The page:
“I need the conversation to evolve so that my own child doesn’t grow up thinking he is second best because he is formula fed,” said Tan France, TV host and expectant father. France added that the pressure to source breastmilk is prevalent amongst same sex parents. “Ever since we announced we are having a baby, people have asked where will you get your donor milk? Will the surrogate be donating her milk? It’s such a strange thing that at any point no one has talked about formula,” France said.

Lesley Anne Murphy had both breasts removed before having a baby after testing positive for the BRCA breast cancer gene. Her six month old has been exclusively formula fed and she said she has gotten backlash on her Instagram account for her inability to breastfeed. “One parent messaged me to say, ‘you are selfish for getting your breasts removed before you had your baby- you didn’t even have cancer.’ We need to learn how to be kind to new parents and less judgemental about each other's personal choices.”

Kelly Stafford, a stay-at-home mom to four children under four, philanthropist, and wife of LA Rams quarterback, Matt Stafford, made the decision to go straight to formula for her fourth baby and received negative backlash on Instagram. “People were telling me I was selfish for not even trying to breastfeed, but I needed to prioritize my mental health and being present for all four of my girls and my husband. That is what was best for all of us.”

“We don’t disagree that breast milk is nutritionally the gold standard for infants; it’s dynamic and personal in a way that formula will never be. But the real formula is a parent’s entire feeding journey where so many factors play into whether breast milk will even be an option at all,” said Laura Modi, co-founder and CEO of Bobbie. “The same government that is telling us to breastfeed for six months is the same government that has no guaranteed paid leave policy. It’s no wonder parents have to turn to formula and they should never feel guilty for however they choose to feed their babies. Period,” Modi added.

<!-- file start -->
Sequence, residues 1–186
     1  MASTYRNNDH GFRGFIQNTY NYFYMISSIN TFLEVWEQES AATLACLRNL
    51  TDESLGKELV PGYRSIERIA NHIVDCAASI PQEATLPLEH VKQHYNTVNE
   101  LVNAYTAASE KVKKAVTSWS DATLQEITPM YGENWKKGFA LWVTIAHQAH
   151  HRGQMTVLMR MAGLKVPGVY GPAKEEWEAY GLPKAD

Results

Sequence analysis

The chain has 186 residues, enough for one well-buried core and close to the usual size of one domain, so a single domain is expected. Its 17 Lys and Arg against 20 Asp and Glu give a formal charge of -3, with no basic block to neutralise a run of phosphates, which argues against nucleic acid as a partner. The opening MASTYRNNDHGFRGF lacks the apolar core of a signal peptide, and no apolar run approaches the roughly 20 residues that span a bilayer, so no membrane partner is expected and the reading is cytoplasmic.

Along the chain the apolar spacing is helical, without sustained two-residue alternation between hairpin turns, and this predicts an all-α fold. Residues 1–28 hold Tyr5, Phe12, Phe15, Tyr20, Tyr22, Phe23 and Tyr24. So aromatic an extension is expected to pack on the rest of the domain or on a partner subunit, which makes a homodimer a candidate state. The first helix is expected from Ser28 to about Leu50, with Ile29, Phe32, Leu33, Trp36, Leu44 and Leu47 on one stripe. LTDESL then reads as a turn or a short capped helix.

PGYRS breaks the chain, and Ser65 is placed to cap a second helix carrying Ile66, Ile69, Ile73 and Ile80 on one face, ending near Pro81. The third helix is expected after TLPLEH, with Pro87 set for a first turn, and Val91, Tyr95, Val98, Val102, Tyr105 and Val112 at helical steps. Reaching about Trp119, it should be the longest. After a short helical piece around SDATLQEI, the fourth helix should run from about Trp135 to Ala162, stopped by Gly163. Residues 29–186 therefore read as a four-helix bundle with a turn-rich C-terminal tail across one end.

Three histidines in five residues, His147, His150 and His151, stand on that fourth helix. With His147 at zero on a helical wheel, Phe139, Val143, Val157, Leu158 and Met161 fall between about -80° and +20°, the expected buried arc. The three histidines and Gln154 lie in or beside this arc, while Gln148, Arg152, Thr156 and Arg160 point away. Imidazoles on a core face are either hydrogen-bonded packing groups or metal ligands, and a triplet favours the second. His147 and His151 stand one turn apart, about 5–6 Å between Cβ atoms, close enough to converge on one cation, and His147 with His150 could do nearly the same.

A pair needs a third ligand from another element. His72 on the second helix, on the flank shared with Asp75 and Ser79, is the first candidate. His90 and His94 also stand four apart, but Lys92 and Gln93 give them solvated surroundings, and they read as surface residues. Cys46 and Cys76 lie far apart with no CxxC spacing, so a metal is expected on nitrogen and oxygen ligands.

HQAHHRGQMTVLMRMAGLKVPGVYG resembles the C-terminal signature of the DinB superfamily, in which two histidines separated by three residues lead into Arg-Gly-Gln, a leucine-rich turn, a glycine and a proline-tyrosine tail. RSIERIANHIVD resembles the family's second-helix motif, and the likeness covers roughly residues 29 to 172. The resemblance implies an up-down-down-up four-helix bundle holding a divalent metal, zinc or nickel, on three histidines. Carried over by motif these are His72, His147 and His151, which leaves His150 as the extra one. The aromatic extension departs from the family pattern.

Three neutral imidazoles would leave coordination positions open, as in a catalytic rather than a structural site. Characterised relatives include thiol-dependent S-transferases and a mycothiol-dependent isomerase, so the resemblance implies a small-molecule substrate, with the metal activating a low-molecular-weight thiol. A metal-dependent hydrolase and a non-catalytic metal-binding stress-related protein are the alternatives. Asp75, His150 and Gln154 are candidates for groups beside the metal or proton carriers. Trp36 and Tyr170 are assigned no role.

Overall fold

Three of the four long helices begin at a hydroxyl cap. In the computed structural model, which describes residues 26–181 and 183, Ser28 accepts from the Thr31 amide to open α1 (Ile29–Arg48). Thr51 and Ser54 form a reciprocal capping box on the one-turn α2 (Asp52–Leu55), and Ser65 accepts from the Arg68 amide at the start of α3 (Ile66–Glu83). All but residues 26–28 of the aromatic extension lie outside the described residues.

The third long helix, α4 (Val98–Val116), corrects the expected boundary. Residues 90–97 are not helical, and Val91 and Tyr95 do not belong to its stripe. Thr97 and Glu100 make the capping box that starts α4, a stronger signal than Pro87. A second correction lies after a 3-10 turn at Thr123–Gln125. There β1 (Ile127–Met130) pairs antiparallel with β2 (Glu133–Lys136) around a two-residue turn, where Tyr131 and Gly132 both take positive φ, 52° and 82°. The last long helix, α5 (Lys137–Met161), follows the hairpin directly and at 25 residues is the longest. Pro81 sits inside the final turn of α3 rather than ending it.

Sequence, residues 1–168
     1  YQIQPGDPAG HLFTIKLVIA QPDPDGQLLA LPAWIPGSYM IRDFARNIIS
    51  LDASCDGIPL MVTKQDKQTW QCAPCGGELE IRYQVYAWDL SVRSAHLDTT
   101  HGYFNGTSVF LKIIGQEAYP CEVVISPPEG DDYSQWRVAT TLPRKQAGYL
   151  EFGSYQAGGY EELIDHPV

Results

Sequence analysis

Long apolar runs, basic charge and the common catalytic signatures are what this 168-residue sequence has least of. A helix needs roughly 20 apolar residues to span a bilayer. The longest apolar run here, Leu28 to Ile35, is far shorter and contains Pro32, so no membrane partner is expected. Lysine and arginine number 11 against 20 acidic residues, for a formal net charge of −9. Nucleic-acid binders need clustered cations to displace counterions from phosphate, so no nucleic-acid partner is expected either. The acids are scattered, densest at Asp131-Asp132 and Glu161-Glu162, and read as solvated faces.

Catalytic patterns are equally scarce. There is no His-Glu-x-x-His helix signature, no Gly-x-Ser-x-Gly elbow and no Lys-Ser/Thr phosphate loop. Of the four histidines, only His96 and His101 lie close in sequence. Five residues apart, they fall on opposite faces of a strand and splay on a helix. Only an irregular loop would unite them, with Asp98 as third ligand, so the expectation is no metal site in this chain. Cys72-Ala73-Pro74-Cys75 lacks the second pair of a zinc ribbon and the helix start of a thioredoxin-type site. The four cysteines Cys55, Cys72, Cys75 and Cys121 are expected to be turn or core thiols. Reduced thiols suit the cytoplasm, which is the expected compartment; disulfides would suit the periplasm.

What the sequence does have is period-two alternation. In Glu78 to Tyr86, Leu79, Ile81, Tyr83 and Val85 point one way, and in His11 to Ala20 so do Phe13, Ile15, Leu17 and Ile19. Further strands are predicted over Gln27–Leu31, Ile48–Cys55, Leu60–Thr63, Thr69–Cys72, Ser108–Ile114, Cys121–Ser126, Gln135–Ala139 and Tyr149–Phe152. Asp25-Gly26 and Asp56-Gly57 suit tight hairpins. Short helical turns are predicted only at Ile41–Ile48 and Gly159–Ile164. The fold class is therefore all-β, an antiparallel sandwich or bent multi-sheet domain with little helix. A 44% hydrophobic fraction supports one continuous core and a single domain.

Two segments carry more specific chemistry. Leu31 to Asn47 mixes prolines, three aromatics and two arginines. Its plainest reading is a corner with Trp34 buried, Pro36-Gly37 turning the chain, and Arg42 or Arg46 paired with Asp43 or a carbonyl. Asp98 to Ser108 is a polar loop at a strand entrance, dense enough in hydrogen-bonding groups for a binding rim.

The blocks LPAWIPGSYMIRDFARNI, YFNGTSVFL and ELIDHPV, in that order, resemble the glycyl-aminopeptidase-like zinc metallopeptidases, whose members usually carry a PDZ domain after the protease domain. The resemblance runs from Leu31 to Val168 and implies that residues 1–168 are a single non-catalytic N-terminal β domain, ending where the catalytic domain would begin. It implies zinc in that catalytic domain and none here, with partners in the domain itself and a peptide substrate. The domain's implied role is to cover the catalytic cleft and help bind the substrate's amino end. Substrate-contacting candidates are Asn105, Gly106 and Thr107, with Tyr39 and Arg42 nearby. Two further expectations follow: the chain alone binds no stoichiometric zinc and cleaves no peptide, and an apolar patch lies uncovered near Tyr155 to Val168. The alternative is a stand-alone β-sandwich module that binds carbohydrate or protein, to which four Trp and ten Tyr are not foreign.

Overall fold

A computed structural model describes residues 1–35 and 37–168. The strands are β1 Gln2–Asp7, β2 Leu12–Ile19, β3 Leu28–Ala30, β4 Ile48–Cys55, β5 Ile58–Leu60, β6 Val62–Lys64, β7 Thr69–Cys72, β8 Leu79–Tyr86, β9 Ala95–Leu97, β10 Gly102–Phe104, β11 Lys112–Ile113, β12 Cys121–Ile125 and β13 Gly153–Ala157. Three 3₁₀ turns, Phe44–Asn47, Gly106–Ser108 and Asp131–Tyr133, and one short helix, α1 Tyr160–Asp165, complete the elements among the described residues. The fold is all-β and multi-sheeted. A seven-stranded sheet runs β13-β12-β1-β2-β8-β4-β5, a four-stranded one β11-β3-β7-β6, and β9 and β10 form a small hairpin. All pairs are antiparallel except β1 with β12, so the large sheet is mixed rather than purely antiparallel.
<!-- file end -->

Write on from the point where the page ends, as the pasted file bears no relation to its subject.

As a purpose-driven company, Bobbie started with community, not commerce. They first launched Milk-Drunk, a content site providing a place for parents at the crossroads of feeding to get straightforward answers, support, and information. Recently, they launched The MotherLode, an initiative enabling Bobbie customers to become their investors to start a new kind of relationship between brands and its consumers, democratize fundraising, and allow parents to invest in brands they believe in and use.

In honor of these four modern parents boldly sharing their feeding journeys, Bobbie is donating 96,000 bottles of Bobbie to milk insecure babies in the U.S. at four non-profits of their choice throughout August. To learn more about “How is feeding going?” or to make the commitment please visit